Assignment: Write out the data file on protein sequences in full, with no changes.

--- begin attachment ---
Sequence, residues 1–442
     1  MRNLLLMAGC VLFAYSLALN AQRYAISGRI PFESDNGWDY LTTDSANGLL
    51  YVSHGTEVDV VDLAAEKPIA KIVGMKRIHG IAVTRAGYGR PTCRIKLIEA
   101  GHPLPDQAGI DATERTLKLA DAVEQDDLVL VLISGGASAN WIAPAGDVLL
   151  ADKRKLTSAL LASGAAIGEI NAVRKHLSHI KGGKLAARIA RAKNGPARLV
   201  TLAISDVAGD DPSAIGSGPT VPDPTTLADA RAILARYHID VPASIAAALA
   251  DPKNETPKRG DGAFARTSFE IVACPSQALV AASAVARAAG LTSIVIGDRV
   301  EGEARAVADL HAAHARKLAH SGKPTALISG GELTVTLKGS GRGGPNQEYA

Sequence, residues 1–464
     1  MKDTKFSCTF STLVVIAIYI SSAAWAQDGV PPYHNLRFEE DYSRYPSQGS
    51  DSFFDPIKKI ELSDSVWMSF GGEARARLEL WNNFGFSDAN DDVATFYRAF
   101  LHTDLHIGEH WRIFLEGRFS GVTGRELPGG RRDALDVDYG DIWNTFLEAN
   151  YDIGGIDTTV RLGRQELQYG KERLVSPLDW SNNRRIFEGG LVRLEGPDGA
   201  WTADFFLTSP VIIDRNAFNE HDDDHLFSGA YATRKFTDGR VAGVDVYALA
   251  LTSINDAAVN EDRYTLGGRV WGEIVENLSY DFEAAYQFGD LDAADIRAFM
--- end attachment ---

Sequence, residues 1–442
     1  MRNLLLMAGC VLFAYSLALN AQRYAISGRI PFESDNGWDY LTTDSANGLL
    51  YVSHGTEVDV VDLAAEKPIA KIVGMKRIHG IAVTRAGYGR PTCRIKLIEA
   101  GHPLPDQAGI DATERTLKLA DAVEQDDLVL VLISGGASAN WIAPAGDVLL
   151  ADKRKLTSAL LASGAAIGEI NAVRKHLSHI KGGKLAARIA RAKNGPARLV
   201  TLAISDVAGD DPSAIGSGPT VPDPTTLADA RAILARYHID VPASIAAALA
   251  DPKNETPKRG DGAFARTSFE IVACPSQALV AASAVARAAG LTSIVIGDRV
   301  EGEARAVADL HAAHARKLAH SGKPTALISG GELTVTLKGS GRGGPNQEYA

Sequence, residues 1–464
     1  MKDTKFSCTF STLVVIAIYI SSAAWAQDGV PPYHNLRFEE DYSRYPSQGS
    51  DSFFDPIKKI ELSDSVWMSF GGEARARLEL WNNFGFSDAN DDVATFYRAF
   101  LHTDLHIGEH WRIFLEGRFS GVTGRELPGG RRDALDVDYG DIWNTFLEAN
   151  YDIGGIDTTV RLGRQELQYG KERLVSPLDW SNNRRIFEGG LVRLEGPDGA
   201  WTADFFLTSP VIIDRNAFNE HDDDHLFSGA YATRKFTDGR VAGVDVYALA
   251  LTSINDAAVN EDRYTLGGRV WGEIVENLSY DFEAAYQFGD LDAADIRAFM